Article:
The deduction only forestalls taxes until the death of the surviving spouse. At that point, the surviving spouse’s estate may owe estate taxes if the value of all the spouse’s assets exceeds a certain amount (currently in the tens of millions of dollars). Also, if the surviving spouse remarries at some point, then the surviving spouse may be able to give the property or money received from the deceased spouse to the new spouse.

Estate Planning to Take Advantage of the Marital Deduction

To make the most of the marital deduction, couples can do some estate planning that minimizes the surviving spouse’s exposure to estate tax liability. Which estate structures to put in place depends on the couple’s amount of assets. For example, you might need to move assets into a trust so that the surviving spouse’s estate can take advantage of the estate tax exemption (the maximum amount in the estate before owing taxes). Different kinds of trusts can provide support for the surviving spouse while removing assets from his or her taxable estate.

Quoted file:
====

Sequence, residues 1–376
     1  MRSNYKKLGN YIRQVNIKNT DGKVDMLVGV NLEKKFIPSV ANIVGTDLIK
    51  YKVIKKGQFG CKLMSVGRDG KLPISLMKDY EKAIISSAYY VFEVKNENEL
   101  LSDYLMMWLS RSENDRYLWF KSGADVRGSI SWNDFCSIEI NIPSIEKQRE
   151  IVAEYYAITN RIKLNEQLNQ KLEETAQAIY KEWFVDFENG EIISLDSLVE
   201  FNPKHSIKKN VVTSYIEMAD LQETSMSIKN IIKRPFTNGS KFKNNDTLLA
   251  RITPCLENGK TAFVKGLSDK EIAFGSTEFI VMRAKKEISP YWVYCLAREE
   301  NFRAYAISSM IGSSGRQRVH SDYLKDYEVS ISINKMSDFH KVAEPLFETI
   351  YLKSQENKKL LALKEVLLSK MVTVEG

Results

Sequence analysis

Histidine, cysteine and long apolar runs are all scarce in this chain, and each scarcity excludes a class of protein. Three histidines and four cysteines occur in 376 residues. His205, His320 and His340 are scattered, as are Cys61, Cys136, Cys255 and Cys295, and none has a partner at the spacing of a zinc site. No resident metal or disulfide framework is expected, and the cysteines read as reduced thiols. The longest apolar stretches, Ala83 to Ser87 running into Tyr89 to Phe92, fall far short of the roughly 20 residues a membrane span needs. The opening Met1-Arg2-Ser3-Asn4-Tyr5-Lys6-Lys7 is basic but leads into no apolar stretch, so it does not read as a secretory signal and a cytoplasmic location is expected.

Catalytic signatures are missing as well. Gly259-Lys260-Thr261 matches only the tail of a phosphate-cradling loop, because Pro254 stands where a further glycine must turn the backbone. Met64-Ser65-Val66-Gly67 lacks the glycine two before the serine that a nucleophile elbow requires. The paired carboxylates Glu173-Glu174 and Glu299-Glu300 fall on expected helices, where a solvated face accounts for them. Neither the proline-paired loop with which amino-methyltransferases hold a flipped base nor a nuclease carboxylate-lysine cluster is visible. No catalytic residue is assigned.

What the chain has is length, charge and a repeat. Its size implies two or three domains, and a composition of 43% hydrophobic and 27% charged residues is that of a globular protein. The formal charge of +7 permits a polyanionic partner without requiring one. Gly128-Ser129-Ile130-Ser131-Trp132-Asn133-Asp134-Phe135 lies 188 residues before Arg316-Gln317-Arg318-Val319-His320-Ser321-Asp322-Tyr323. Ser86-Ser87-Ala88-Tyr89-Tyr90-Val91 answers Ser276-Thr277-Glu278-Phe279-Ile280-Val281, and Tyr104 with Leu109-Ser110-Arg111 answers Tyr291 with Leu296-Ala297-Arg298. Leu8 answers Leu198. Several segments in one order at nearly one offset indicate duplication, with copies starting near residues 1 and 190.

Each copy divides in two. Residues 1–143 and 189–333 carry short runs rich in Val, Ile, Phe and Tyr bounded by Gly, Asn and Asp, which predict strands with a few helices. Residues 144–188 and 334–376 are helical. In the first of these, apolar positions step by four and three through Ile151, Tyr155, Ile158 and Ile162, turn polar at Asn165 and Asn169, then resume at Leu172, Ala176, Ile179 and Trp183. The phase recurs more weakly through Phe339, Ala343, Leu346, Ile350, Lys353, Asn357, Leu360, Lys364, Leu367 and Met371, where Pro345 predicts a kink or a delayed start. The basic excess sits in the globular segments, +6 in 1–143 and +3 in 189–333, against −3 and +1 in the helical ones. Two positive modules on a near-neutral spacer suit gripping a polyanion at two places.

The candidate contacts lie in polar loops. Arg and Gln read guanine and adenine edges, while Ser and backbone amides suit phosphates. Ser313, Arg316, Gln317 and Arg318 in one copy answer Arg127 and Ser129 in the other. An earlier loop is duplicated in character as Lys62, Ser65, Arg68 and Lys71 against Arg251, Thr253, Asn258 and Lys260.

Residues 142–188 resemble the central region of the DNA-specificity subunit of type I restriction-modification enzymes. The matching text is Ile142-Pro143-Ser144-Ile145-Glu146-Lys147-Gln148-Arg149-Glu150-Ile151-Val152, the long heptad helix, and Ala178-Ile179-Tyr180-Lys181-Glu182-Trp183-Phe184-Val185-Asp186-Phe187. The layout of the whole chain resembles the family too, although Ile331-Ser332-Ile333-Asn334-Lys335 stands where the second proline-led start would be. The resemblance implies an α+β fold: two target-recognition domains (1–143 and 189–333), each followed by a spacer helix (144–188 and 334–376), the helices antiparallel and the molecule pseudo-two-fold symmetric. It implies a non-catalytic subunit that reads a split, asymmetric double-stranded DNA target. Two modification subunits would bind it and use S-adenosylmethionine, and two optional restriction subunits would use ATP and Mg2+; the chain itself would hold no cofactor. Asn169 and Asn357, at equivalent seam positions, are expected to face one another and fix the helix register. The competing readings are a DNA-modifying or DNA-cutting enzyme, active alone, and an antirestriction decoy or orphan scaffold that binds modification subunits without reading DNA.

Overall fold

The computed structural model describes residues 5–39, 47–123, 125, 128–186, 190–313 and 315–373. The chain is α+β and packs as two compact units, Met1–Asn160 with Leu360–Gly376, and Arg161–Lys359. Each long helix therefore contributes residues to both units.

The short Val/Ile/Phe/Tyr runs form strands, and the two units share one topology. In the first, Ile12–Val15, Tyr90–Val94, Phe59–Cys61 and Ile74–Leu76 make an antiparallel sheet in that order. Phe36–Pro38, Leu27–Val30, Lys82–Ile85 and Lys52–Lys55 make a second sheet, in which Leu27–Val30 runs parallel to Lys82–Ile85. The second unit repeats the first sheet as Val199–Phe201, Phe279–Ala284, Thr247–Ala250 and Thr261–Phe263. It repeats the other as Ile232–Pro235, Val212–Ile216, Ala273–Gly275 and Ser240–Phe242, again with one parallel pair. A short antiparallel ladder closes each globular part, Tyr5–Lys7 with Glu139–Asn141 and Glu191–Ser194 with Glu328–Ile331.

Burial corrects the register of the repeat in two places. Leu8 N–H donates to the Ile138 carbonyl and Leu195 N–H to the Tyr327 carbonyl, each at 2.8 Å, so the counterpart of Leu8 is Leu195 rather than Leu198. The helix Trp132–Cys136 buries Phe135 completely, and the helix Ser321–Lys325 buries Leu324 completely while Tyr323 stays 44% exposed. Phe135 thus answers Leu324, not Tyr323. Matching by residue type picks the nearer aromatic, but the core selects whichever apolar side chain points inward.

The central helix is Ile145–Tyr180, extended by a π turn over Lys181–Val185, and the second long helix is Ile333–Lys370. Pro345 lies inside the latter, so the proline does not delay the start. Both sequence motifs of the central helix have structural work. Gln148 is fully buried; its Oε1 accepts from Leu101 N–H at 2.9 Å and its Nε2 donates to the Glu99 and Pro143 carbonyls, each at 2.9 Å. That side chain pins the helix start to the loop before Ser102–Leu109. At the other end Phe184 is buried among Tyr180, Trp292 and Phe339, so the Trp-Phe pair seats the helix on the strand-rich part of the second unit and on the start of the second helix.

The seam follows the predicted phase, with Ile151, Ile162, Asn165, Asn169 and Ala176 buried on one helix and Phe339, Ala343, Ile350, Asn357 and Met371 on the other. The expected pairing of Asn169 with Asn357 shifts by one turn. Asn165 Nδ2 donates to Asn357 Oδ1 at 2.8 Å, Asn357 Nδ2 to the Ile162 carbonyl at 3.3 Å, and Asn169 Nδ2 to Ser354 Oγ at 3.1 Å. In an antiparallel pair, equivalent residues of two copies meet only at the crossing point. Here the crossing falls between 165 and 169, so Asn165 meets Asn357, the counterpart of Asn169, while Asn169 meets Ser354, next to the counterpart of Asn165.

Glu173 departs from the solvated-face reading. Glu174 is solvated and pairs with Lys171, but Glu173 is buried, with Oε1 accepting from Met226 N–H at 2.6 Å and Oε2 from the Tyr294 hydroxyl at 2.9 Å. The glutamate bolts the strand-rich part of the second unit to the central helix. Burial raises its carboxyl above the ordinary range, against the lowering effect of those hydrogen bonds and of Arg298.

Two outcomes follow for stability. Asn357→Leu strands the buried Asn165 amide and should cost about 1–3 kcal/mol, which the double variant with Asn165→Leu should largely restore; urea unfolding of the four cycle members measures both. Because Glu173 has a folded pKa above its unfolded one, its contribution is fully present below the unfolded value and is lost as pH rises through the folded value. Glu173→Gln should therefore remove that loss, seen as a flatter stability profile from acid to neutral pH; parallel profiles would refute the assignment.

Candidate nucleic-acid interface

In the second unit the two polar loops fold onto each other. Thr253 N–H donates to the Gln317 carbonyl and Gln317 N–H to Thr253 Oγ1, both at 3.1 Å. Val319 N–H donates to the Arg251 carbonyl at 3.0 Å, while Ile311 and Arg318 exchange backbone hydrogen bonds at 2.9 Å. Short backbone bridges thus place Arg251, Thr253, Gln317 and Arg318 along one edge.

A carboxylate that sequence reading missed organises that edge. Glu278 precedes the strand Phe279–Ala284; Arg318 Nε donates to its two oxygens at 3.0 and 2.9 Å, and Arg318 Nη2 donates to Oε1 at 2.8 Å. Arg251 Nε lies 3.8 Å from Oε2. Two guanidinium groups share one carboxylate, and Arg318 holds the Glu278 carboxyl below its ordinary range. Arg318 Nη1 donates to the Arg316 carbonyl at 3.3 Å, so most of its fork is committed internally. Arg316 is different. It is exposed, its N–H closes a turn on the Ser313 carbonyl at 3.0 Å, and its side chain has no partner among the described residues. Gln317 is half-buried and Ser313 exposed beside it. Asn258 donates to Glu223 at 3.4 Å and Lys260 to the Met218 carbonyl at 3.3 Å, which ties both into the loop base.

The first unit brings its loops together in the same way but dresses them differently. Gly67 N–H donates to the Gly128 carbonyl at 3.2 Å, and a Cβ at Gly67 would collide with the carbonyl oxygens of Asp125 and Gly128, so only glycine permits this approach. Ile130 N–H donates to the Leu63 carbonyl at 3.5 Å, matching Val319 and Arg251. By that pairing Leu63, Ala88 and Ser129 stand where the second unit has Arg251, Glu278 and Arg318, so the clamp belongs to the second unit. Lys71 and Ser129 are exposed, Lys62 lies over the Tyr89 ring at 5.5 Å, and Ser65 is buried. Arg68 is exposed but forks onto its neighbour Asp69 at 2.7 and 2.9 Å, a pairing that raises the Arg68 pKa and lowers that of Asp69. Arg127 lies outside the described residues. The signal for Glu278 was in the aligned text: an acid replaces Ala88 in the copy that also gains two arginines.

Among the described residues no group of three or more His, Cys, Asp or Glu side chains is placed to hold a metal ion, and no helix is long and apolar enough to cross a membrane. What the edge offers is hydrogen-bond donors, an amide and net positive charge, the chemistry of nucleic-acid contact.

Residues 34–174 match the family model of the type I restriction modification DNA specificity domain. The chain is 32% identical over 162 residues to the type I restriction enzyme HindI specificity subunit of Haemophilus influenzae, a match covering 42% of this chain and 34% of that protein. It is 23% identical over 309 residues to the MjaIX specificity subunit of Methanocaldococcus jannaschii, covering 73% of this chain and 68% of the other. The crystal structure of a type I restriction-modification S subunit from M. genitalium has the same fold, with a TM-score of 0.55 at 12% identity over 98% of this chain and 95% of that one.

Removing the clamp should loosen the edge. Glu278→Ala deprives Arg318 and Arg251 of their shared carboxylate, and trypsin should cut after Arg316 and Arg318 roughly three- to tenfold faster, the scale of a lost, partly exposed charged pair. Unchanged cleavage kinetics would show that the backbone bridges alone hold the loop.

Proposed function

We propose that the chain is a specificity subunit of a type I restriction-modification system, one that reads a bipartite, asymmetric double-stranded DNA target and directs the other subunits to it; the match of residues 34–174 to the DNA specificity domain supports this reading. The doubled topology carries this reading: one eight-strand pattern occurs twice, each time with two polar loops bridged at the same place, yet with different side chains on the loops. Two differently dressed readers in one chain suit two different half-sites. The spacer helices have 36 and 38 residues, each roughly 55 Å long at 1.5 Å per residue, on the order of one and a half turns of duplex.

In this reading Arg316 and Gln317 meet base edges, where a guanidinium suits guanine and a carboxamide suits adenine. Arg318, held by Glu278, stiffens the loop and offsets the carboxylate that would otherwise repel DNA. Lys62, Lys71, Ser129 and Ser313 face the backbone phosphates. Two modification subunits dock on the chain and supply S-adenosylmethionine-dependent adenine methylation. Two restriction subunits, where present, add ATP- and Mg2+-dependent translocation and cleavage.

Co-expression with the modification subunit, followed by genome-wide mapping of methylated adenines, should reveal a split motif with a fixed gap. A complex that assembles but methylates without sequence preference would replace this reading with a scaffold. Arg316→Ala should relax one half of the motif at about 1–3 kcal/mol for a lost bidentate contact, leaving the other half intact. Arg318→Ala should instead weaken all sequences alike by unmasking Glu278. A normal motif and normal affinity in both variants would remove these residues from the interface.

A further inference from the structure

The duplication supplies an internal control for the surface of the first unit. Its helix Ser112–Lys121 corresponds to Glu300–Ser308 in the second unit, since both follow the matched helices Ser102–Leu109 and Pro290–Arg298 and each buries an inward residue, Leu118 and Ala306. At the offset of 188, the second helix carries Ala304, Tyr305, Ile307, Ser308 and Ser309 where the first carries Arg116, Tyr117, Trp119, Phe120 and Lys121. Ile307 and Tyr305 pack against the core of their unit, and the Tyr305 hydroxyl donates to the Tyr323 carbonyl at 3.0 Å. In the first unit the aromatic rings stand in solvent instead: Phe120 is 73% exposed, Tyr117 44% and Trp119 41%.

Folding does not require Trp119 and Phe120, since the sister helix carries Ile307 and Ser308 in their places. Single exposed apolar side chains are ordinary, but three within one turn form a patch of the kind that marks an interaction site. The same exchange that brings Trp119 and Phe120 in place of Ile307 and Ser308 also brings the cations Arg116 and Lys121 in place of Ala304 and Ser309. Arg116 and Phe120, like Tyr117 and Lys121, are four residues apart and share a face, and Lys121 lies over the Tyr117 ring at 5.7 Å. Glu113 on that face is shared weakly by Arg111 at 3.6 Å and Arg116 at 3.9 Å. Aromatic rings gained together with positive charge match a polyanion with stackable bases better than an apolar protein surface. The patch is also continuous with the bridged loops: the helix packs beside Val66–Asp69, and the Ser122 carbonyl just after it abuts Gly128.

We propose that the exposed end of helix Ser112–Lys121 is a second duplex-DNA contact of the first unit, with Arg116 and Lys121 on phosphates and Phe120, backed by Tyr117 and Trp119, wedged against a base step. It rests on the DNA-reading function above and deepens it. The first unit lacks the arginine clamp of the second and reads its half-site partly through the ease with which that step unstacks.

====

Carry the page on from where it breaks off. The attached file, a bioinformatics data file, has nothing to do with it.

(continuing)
Keep in mind that non-citizen spouses are not eligible for the marital deduction. In fact, non-citizens often only receive lower estate tax exemptions too, so potential tax liability is huge. Fortunately, some careful estate planning can help, such as setting up a qualified domestic trust (QDOT). If you have questions about the marital deduction or the taxes that may apply to you, talk to a local estate planning lawyer.

Want to start planning your estate? Local attorney Andrew Szocka, Esq. provides thorough and speedy estate planning help in the Chicagoland area. To schedule a free initial consultation, visit the Law Office of Andrew Szocka, P.C. online or call the office at (815) 455-8430.